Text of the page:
Holla Mohalla is a Sikh festival celebrated in the month of Phalguna, a day after
Holi. Its origin dates back to 1757 AD. Guru Govind Singh, the tenth guru of the
Sikhs and a reformative leader, felt that Holi, the festival of color and happiness,
had lost its original meaning over the years. It was no longer a celebration to
reaffirm fraternity and brotherhood but had become an occasion for general mayhem.
He decided to revive the spirit of Holi and weave its essence into a festival
created to rejuvenate and restore Khalsa traditions. Called Holla Mohalla, the
guru declared that it would be observed on the day after Holi. As is customary
in Sikh festivals, prayers at the gurdwaras begin early in the morning.The Guru
Grantha Sahib is brought out with ceremony from its resting chamber and placed
on the dais. It is given a symbolic bath with milk and water.
Verses from its pages are then recited, akhandapathas are performed, kar seva
is offered and shabads and kirtans are sung all day long. The Karah Prasad is
distributed to the congregation, after the guru has consecrated it. At noon, men
and women from all castes and creed sit and eat together at the guru ka langar.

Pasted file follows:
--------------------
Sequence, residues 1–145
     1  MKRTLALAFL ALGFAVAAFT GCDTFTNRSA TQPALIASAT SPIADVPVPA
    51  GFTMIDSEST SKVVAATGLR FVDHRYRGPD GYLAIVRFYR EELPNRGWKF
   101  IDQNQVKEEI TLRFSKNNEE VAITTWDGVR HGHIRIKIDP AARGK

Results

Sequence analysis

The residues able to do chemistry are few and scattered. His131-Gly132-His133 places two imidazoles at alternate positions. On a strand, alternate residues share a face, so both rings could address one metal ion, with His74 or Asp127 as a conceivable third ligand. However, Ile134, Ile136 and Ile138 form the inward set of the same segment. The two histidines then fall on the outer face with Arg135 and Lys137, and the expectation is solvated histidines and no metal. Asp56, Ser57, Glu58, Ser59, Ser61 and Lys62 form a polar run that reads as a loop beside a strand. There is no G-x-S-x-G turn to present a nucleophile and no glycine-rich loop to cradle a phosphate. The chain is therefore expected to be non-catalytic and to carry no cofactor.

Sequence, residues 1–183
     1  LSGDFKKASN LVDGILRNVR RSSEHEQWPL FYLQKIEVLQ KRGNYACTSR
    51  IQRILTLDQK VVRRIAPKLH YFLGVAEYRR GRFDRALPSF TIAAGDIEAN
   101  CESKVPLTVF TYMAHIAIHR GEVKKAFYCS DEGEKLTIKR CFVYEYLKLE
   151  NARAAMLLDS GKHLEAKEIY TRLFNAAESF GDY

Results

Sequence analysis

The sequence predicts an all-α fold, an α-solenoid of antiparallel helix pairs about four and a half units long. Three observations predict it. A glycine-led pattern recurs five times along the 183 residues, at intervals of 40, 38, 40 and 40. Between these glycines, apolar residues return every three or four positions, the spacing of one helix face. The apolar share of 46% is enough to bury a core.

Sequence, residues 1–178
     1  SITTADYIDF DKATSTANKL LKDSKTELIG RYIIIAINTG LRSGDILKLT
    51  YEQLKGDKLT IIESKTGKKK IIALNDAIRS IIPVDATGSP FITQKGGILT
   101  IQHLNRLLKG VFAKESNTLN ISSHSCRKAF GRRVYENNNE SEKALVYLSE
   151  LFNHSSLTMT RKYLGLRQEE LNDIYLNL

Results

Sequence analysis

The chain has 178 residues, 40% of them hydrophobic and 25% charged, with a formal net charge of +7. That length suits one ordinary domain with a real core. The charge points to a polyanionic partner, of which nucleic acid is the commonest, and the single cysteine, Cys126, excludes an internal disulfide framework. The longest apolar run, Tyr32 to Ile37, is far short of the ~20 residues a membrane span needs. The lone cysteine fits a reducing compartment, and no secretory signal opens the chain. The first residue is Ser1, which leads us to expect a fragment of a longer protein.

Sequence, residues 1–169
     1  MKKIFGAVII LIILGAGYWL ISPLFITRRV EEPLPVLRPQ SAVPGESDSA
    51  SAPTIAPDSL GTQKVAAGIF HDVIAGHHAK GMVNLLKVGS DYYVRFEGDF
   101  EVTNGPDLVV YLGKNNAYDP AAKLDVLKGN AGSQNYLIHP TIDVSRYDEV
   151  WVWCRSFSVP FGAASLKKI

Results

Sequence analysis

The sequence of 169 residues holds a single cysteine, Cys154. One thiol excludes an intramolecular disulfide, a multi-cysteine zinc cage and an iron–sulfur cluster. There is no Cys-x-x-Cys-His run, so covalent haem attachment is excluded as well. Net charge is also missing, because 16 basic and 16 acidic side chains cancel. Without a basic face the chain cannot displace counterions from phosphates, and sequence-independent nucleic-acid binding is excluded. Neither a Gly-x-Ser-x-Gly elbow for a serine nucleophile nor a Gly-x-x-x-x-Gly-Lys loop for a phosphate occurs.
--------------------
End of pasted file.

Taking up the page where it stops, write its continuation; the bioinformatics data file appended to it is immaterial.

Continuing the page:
Volunteers performing kar seva cook the food.
Many colorful processions are organized on Holla Mohalla, particularly in Anandpur
Sahib and Muktsar. Sikhs (especially the Nihangs) dressed in their traditional
martial costumes form part of the pageant. They display their skills in archery,
sword fencing, horse riding and shooting in competitions. Battles are enacted
and ancient cannons fired to focus on the training required for war.
Homage is paid to the bravery of Guru Govind Singh, by narrating stories about
his life in prose and verse. Tribute is also accorded to Guru Har Govind, who
led his army to free 52 captive kings from the Gwalior jail in 1612 AD.
On Holla Mohalla, the Sikhs reaffirm their commitment to the brotherhood of man
and their dedication to the Khalsa Pantha.